Pus Sample: Collection, Processing, Staining and Culture

Skin is the body’s largest and thinnest organ which serves as an anatomical barrier between the sterile internal organs and the external environment, which is teemed with microorganisms. Break in the skin surface may result in skin and soft tissue infections. Wound infection can also occur as a complication of surgery, trauma, and bites or diseases that interrupt mucosal or skin surfaces.

Wound infections may be caused by one or many organisms depending on the site of the infection. For example, dermatophytes are responsible for infections in the keratinized layer; superficial skin wounds are often caused by aerobes only, while anaerobes are commonly isolated from abscesses of the perineal, inguinal, and buttock area, whereas mixed facultative aerobic organisms cause non-perineal infections. Similarly, postoperative wounds are often infected with a mixture of aerobes and anaerobes. In contrast, deep wound infections, such as internal body or organ infections, can be caused by one or several aerobes and/or anaerobes.

Abscesses are accumulations of pus in tissue and any organism isolated from them may be of significance.

Wounds, especially postoperative wounds, may become colonized with potential pathogens. A gram stain is a useful diagnostic tool in determining colonization versus infection. A gram stain showing few or no polymorphonuclear cells with relatively large amounts of normal skin flora are consistent with colonization. However, wound gram stains showing moderate to many polymorphonuclear cells usually indicate infection.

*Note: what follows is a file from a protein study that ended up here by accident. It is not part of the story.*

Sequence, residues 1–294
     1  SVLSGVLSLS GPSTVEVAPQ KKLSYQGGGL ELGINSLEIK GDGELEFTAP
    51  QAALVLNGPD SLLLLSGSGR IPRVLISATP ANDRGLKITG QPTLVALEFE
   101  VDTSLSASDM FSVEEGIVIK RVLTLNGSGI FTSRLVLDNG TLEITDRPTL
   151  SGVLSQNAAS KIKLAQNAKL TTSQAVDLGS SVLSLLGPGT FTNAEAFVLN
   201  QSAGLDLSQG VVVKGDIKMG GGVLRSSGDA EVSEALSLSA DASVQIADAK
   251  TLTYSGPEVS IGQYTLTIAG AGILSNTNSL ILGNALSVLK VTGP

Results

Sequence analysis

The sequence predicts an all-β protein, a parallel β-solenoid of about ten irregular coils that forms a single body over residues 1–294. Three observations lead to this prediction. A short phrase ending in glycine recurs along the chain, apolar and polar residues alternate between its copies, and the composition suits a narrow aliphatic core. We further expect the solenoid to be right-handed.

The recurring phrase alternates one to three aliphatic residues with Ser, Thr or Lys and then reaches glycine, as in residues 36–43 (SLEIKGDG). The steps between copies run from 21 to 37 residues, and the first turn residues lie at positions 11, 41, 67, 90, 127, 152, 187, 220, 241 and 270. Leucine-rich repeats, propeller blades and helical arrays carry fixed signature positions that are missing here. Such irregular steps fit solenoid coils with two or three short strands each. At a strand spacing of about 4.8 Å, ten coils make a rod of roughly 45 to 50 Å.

Possible pathogens in Pus

Gram-positive Gram-negative
Staphylococcus aureus Pseudomonas aeruginosa
Streptococcus pyogenes Escherichia coli
Enterococcus species Proteus species
Anaerobic streptococci Klebsiella species
Other streptococci Bacteriodes species
Clostridium perfringens and other clostridia Acinetobacter species
Actinomycetes Other enteric bacilli
Mycobacterium tuberculosis  
Others
Fungi: Histoplsama, Candida, and fungi that cause mycetoma.
Parasites: Entamoeba histolytica (in pus aspirated from an amoebic liver abscess)
Viruses: Pox viruses and herpes viruses

NOTE: This blog post contains information ONLY about the isolation and identification of common bacterial isolates (aerobes and facultative anaerobes) from pus aspirate/swab.

Specimen Collection

As far as possible, collect specimens before antimicrobial therapy and/or before applying the antiseptic dressing. The ideal specimen is an aspirate from a previously undrained abscess or a tissue biopsy. Ideally, a minimum volume of 1mL (up to 5 mL) of pus should be collected. Large volumes of purulent material maintain the viability of anaerobes for longer.

The aspirate should be collected in a sterile syringe – any air bubbles should be expelled. Needle safely and tightly capped (needles should NOT be sent).

A tissue specimen should be placed in a sterile universal bottle (or any sterile leakproof container) and sent to the lab for immediate processing if anaerobes are suspected. If there is a delay in transporting, the tissue should be placed in an anaerobic transport system.

Comparison of aspirated pus and swab culture from an infected joint site. Image source: Koneman’s Color Atlas and Textbook of Diagnostic Microbiology